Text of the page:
29 January 2018
POET introduces Optical Interposer Platform for co-packaging of electronic and optical components
© Semiconductor Today Magazine / Juno PublishiPicture: Disco’s DAL7440 KABRA laser saw.
POET Technologies Inc of Toronto, Canada and San Jose, CA, USA —a designer and manufacturer of optoelectronic devices, including light sources, passive waveguides and photonic integrated circuits (PIC) for the sensing and datacom markets — has unveiled an Optical Interposer Platform that facilitates the co-packaging of electronics and optics in a single multi-chip module (MCM).
Based on its previously announced dielectric waveguide technology, POET’s Optical Interposer provides the ability to run electrical and optical interconnections side-by-side on the same interposer chip at the micron scale. It represents an integral part of POET’s hybrid integrated optical engines and leverages the manufacturing processes and unique capabilities of its dielectric waveguides.
As the need for higher data transfer speeds at greater baud rates and lower power levels increase, optics will move increasingly closer to the source of the data, whether it be a processor, application-specific integrated circuit (ASIC) or field-programmable gate array (FPGA), says POET. The Optical Interposer Platform enables an optoelectronic interconnect fabric to interface directly with the source of data to support high-speed optical data transfer from within the MCM. Additionally, the technology is projected to offer cost-efficient optical interconnects, allow for a reduction in components, and reduce test & assembly steps to decrease manufacturing costs.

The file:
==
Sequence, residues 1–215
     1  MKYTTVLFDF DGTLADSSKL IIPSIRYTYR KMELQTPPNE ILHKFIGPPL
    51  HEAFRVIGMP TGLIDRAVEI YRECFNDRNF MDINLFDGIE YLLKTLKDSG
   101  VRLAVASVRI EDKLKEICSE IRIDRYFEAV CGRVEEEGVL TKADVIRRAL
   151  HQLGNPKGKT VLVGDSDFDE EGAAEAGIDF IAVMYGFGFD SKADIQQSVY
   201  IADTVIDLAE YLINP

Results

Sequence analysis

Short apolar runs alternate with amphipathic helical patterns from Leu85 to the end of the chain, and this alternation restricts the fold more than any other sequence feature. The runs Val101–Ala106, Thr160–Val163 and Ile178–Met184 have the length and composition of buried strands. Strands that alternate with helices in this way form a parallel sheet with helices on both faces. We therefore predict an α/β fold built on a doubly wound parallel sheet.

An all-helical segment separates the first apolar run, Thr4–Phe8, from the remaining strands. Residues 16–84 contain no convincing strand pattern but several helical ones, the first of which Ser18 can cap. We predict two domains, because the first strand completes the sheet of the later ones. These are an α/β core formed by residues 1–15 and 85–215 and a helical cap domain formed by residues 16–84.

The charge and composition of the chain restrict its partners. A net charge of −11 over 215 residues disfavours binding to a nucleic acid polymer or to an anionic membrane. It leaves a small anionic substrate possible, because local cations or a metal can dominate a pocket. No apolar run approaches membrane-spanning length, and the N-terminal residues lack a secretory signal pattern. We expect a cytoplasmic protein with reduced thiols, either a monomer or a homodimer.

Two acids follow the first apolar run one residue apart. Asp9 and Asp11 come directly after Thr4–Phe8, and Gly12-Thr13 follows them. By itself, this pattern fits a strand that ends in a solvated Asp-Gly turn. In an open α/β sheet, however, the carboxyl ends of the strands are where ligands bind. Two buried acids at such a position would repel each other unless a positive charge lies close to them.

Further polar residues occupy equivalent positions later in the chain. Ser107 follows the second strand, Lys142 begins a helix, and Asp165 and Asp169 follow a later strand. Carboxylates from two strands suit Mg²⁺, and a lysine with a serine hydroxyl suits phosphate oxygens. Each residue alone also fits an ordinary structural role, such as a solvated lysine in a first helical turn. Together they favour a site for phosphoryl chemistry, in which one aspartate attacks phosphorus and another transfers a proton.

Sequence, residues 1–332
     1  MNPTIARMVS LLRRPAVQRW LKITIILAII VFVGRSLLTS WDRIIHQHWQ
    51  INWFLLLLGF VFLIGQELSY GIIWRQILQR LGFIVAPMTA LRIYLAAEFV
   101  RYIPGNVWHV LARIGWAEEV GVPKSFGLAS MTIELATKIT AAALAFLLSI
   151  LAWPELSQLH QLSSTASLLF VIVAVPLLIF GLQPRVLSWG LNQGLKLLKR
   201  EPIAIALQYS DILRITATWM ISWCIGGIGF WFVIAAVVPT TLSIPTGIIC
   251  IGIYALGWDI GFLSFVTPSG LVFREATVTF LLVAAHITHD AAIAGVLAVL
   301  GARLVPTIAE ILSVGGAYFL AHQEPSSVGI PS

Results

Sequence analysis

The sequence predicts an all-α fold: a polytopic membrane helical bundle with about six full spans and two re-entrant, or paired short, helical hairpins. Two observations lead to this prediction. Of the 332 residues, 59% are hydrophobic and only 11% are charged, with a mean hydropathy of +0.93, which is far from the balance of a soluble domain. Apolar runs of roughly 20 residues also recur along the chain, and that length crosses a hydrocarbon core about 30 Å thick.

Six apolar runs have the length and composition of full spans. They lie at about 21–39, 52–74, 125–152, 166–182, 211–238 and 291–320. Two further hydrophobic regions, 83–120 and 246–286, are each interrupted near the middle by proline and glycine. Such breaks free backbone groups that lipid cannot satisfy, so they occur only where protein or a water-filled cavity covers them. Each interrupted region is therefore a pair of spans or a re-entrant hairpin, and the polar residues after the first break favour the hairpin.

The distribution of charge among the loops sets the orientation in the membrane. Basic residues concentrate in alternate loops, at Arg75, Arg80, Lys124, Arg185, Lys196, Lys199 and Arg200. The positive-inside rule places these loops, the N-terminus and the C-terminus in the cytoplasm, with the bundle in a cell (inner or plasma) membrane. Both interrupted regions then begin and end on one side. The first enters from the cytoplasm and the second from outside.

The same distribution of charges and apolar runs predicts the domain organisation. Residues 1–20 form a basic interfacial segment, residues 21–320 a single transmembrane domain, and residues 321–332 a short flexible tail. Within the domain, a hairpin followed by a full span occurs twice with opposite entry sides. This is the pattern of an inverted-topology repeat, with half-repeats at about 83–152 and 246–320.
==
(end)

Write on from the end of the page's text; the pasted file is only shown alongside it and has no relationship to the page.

POET believes that its Optical Interposer Platform, targeting 100G transceiver applications, is readily scalable to 200G and 400G transceiver products with minimal incremental cost. Also, its scalable architecture (in reach and speed) has the potential to provide a highly differentiated competitive advantage in leading-edge datacom transceivers, reckons the firm.
The Optical Interposer has applications in a wide range of high-growth markets, primarily high-performance computing, networking, optical transceivers and transponders, and automotive LiDAR (light detection and ranging) systems. The platform technology is applicable to both gallium arsenide (GaAs)- and indium phosphide (InP)-based optical components. Optical engines for single-mode transceiver modules represent the initial high-volume application.
POET also says that it has completed development of its low-loss dielectric waveguide stack and is readying the technology for transfer to manufacturing. As part of its continued technology development, POET has demonstrated a 10x improvement in the optical loss of its waveguide stack compared with the performance publicly disclosed at the Photonics Integrated Circuit (PIC) conference in March 2017. Optical transmission loss within the dielectric stack has now been measured to be below 0.2dB/cm, which renders the stack virtually loss-less for most practical applications. The ability to deposit low-loss and low-stress dielectric waveguides is the first critical step to enabling complex functionality of these waveguides in key applications, such as arrayed-waveguide gratings (AWGs), échelle gratings, laterally coupled gratings, multi-mode interference (MMI) couplers and splitters, and pass-through waveguides. These functional features are integral to enabling the performance of a transceiver optical engine and essential to the performance of the multiplexer/de-multiplexer component required in wavelength-division multiplexing (WDM) systems.
Consistent with prior expectations, POET continues to work toward providing engineering samples of a receive optical engine to customers by mid-2018. The device will be fabricated leveraging the Optical Interposer Platform.
Through its subsidiary DenseLight Semiconductors, POET is participating at SPIE Photonics West 2018 in San Francisco (27 January – 1 February).